Dual-Use Considerations

Another important advantage of transforming chloroplasts is their capability for high foreign protein expression [10]. For instance, this can be advantageous to reduce the chance of insects developing resistance against the Bt toxin [11], or to use plants as bioreactors to produce a high quantity of antibodies and vaccines [10]. We have a duty, however, to also think about the ways our technology can be misused by parties aiming to harm others; In that regard, the high protein expression can be used to create plants that produce toxins and allergens, and by facilitating the engineering of chloroplasts, cell-free systems like ours could also contribute to their misuse. On the other hand, cell-free systems do not significantly shift the current threat model of recombinant protein production, as the same hurdles of purifying and weaponizing the synthesized protein still apply [12].

  1. Secretariat of the Convention on Biological Diversity. (2003). Biosafety and the Environment: An introduction to the Cartagena Protocol on Biosafety. Secretariat of the Convention on Biological Diversity.
  2. Tinafar, A., Jaenes, K., Pardee, K., 2019. Synthetic Biology Goes Cell-Free. BMC Biol. 17, 1–14.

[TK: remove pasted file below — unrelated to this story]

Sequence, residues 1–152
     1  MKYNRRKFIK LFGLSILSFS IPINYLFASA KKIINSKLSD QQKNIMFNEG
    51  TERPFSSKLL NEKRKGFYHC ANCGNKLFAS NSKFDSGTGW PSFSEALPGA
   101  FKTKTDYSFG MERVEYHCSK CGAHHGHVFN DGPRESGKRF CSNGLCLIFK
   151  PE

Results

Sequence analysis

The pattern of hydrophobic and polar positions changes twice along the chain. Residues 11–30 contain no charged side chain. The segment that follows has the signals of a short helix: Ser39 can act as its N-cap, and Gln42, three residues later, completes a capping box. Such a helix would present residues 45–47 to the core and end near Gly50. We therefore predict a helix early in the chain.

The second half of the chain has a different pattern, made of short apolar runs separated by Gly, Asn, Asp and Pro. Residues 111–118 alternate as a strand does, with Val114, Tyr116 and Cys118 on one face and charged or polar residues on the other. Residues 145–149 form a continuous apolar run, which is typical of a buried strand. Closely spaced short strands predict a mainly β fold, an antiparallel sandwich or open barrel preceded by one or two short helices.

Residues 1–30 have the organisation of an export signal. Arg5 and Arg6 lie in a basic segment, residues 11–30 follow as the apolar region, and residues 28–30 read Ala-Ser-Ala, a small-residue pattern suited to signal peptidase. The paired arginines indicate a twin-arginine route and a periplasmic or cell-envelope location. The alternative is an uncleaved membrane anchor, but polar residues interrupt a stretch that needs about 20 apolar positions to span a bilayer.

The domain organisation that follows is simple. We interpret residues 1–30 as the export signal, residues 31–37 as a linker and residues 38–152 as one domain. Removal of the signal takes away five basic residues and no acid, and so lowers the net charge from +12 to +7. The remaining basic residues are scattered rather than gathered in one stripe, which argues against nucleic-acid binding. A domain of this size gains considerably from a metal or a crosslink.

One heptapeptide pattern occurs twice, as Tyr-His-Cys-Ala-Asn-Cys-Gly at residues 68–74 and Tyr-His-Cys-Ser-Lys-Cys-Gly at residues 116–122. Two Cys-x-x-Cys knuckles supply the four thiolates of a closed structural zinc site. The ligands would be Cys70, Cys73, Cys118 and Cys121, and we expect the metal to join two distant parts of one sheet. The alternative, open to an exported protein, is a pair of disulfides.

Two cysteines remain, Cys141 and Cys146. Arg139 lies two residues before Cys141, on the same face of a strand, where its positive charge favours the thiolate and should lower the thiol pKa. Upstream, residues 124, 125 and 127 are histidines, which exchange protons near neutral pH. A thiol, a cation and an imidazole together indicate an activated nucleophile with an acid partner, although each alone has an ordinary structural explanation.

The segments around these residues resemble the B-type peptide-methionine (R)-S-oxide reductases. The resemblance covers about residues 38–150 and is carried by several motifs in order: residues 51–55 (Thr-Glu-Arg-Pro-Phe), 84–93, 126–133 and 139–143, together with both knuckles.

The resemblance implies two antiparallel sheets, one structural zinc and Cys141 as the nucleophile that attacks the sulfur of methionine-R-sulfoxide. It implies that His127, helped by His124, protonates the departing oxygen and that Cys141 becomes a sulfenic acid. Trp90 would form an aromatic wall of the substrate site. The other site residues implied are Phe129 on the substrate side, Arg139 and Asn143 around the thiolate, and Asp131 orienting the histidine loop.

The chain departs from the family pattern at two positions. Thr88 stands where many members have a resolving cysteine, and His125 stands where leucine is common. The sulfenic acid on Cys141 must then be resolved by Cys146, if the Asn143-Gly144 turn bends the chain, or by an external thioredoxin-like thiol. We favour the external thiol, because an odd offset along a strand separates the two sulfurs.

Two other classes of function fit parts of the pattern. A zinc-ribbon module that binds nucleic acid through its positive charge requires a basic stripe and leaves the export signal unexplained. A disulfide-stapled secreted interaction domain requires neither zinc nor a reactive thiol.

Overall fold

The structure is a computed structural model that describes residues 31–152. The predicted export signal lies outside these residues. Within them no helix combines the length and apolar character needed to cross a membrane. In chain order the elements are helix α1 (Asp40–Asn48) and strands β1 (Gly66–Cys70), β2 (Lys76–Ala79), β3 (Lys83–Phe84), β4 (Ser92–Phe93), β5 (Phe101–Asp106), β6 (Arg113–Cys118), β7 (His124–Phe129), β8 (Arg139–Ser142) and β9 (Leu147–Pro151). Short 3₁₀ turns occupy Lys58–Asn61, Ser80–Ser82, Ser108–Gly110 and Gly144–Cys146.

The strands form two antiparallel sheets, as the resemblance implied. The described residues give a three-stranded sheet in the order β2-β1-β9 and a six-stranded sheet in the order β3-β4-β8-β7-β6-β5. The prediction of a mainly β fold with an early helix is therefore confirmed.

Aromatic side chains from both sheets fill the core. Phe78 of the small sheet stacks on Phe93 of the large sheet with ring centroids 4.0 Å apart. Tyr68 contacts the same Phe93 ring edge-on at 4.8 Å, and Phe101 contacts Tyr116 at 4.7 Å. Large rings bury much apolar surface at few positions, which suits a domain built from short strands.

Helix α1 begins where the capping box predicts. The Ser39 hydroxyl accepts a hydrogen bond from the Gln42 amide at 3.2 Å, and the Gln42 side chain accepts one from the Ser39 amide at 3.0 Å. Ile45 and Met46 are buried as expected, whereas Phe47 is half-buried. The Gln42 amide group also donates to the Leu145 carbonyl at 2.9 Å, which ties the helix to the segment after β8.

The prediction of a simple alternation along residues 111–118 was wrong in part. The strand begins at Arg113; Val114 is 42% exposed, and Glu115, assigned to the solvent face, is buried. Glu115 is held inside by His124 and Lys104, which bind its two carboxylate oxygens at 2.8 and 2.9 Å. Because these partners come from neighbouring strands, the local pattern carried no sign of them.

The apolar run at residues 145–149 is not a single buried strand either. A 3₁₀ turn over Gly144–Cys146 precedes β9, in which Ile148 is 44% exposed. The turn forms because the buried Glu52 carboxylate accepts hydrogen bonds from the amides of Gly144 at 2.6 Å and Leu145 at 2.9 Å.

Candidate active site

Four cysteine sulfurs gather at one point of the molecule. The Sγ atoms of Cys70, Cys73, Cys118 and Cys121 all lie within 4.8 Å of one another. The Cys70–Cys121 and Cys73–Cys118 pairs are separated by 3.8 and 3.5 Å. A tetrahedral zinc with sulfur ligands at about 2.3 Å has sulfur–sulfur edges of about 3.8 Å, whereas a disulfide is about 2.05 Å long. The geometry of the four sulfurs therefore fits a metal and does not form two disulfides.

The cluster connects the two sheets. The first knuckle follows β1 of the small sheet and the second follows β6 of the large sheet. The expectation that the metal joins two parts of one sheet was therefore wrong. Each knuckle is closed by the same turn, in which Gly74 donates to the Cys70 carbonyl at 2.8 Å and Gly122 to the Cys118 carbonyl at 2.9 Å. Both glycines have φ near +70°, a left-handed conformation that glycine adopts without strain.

3. Khambhati, K., Bhattacharjee, G., Gohil, N., Braddick, D., Kulkarni, V., Singh, V., 2019. Exploring the Potential of Cell-Free Protein Synthesis for Extending the Abilities of Biological Systems. Front. Bioeng. Biotechnol. 7, 248.
  4. Garenne, D., Haines, M.C., Romantseva, E.F., Freemont, P., Strychalski, E.A., Noireaux, V., 2021. Cell-free gene expression. Nat. Rev. Methods Primer 1, 1–18.
  5. Dobrogojski, J., Adamiec, M., Luciński, R., 2020. The chloroplast genome: a review. Acta Physiol. Plant. 42, 98.
  6. Sibbald, S.J., Archibald, J.M., 2020. Genomic Insights into Plastid Evolution. Genome Biol. Evol. 12, 978–990.
  7. Daniell, H., 2007. Transgene containment by maternal inheritance: Effective or elusive? Proc. Natl. Acad. Sci. 104, 6879–6880.
  8. Ruf, S., Karcher, D., Bock, R., 2007. Determining the transgene containment level provided by chloroplast transformation. Proc. Natl. Acad. Sci. U. S. A. 104, 6998–7002.
  9. Paul, E.M., Capiau, K., Jacobs, M., Dunwell, J.M., 1995. A Study of Gene Dispersal Via Pollen in Nicotiana tabacum Using Introduced Genetic Markers. J. Appl. Ecol. 32, 875–882.
  10. Daniell, H., 2006. Production of biopharmaceuticals and vaccines in plants via the chloroplast genome. Biotechnol. J. 1, 1071–1079.
  11. Kota, M., Daniell, H., Varma, S., Garczynski, S. F., Gould, F., & Moar, W. J. (1999). Overexpression of the Bacillus thuringiensis (Bt) Cry2Aa2 protein in chloroplasts confers resistance to plants against susceptible and Bt-resistant insects. Proceedings of the National Academy of Sciences of the United States of America, 96(5), 1840–1845.
  12. Ben Ouagrham-Gormley, S. (2014). Barriers to bioweapons: The challenges of expertise and organization for weapons development. Cornell University Press.